In short, there’s no completely safe way to hold on to bitcoins, and technical newbies are at particular risk. Investors in Bitcoin are at much greater risk of losing their investments to accidents or thefts than investors in conventional assets like stocks and bonds.
6) I just made a killing! How do I cash out?
If your cash is still deposited at a Bitcoin exchange, you just execute another trade to convert your bitcoins back to dollars at the new—hopefully higher—price. Then you withdraw the funds to your bank account.
The bitcoin market is very liquid, so unless you have millions of dollars in bitcoins, cashing out won’t be difficult. Major bitcoin exchanges do have daily dollar withdrawal limits to minimize fraud, however. So, if you sell thousands of dollars’ worth of bitcoins, it might take a few days or weeks to transfer the cash into your conventional bank account.
We’ve seen some people argue that Bitcoin’s $150 billion market capitalization isn’t real because people can’t cash out all of that value simultaneously. But that’s misguided. The same basic point applies to any asset: if Jeff Bezos tried to sell all of his Amazon shares at once, the stock would crash. But people still say he has a net worth of nearly $100 billion. There’s enough liquidity in Bitcoin markets that all but the very wealthiest Bitcoin holders can quickly and easily convert their holdings to conventional currency. And even the wealthiest holders could cash out their holdings gradually over time if they wanted to.
7) Is it true that Bitcoin wastes a ton of energy?
Yes. The Bitcoin network maintains its shared transaction ledger, called the blockchain, using a computationally intensive process called mining. Miners compete with each other for the right to add blocks to the blockchain—each comes with a reward of 12.5 Bitcoins—or around $125,000.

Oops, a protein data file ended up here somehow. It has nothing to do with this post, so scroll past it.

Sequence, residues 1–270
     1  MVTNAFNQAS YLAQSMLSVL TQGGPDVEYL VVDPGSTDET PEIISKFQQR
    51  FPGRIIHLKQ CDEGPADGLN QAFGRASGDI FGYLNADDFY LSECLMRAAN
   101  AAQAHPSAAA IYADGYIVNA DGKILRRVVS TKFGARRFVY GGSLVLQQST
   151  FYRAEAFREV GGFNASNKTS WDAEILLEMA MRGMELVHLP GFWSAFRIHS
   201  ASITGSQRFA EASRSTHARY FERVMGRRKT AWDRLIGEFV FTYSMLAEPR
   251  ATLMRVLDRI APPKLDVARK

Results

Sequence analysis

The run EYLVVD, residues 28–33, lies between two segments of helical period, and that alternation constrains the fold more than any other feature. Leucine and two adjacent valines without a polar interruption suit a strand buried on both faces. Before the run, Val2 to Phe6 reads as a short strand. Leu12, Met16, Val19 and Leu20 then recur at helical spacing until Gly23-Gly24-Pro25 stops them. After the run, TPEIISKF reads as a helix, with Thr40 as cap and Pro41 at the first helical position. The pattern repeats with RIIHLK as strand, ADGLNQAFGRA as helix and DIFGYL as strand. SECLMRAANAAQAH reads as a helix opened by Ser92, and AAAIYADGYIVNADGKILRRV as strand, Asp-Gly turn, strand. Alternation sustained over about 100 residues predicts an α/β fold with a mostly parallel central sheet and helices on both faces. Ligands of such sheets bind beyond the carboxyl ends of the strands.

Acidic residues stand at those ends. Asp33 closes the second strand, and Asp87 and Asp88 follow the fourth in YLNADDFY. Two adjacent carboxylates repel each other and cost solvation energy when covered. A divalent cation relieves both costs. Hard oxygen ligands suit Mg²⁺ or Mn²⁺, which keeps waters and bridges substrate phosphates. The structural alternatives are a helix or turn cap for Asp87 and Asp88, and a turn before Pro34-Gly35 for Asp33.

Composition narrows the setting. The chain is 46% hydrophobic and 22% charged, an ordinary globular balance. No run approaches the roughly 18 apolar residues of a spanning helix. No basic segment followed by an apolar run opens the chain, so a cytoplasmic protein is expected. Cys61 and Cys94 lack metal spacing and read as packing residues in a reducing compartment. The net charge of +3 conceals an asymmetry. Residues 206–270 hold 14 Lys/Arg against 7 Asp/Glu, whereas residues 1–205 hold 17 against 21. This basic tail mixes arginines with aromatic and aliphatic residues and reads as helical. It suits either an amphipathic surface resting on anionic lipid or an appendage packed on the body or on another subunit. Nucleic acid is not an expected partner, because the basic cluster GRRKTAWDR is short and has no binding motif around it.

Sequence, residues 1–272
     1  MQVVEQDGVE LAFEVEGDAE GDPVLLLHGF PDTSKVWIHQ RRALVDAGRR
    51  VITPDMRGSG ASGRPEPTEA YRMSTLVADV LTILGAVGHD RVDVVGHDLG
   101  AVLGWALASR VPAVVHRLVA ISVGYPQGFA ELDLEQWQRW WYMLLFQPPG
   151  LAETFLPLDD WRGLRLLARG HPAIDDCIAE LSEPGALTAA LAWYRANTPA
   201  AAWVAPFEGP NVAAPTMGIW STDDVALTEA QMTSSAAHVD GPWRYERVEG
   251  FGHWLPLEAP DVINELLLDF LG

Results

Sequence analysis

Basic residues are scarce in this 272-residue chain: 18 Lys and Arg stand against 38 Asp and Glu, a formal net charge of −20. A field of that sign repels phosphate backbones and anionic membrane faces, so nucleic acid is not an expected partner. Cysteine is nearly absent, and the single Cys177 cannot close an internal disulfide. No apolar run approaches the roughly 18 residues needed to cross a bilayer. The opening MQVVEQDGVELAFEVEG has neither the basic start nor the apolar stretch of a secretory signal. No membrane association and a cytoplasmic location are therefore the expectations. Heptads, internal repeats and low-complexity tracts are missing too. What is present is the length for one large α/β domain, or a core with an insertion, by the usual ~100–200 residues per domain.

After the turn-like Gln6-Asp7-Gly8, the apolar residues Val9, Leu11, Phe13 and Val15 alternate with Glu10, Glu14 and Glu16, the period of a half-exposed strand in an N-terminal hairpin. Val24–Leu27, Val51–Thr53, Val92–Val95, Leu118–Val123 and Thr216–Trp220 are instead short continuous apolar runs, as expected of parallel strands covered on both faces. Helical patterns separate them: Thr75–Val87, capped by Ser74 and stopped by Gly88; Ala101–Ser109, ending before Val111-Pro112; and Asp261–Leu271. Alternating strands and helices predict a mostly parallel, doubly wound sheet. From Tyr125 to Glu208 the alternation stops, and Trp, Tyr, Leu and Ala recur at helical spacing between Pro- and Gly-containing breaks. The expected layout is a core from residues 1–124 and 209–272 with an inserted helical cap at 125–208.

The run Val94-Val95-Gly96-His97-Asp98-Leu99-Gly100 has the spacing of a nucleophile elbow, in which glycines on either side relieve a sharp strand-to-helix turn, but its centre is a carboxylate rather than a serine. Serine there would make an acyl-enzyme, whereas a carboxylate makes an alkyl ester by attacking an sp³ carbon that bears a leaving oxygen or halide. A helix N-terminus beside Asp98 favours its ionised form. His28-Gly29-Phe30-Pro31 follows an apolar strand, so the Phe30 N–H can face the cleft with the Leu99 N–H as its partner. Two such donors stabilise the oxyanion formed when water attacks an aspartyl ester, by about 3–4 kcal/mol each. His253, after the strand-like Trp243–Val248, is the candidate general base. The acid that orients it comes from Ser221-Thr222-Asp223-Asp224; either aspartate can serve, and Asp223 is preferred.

Because electricity is the biggest cost for Bitcoin mining and this is a competitive market, we should expect miners to keep spending more and more money on electricity until electricity spending is on par with the size of the block reward. One back-of-the-envelope calculation suggested that each Bitcoin transaction uses 271kWh of electricity—enough to power a typical American home for nine days.
The fact that these figures are often quoted on a per-transaction basis has caused a fair amount of confusion. The Bitcoin network generates blocks at a steady rate of six per hour, and mining a block takes essentially the same amount of energy whether it contains one transaction or 2,000 (the current average). And it would take the same amount of energy if, someday, the Bitcoin network is processing tens of thousands or even millions of transactions per block.
This means that we can’t save energy by reducing the number of bitcoin transactions. And increasing the number of bitcoin transactions doesn’t directly increase energy consumption. What does cause Bitcoin’s energy usage to rise however, is when Bitcoin’s price goes up. A higher price means the 12.5 bitcoin reward becomes more valuable, and so miners spend more resources to capture the larger prize.
Fortunately, this is a problem that will solve itself in the long run. The per-block reward halves, in Bitcoin terms, every four years. It has fallen twice—it started out at 50 bitcoins in 2009—and is scheduled to fall to 6.25 bitcoins per block some time in 2020, then to 3.125 bitcoins per block around 2024. As the per-block reward falls, the network’s energy consumption will fall proportionately.
So it’s true that the Bitcoin network is an environmental disaster, using vastly more energy per transaction than any other payment network. However, we can expect the network to become much less wasteful, at least on a per-transaction basis, in the coming years and decades.
Read the original article over at ArsTechnica.com.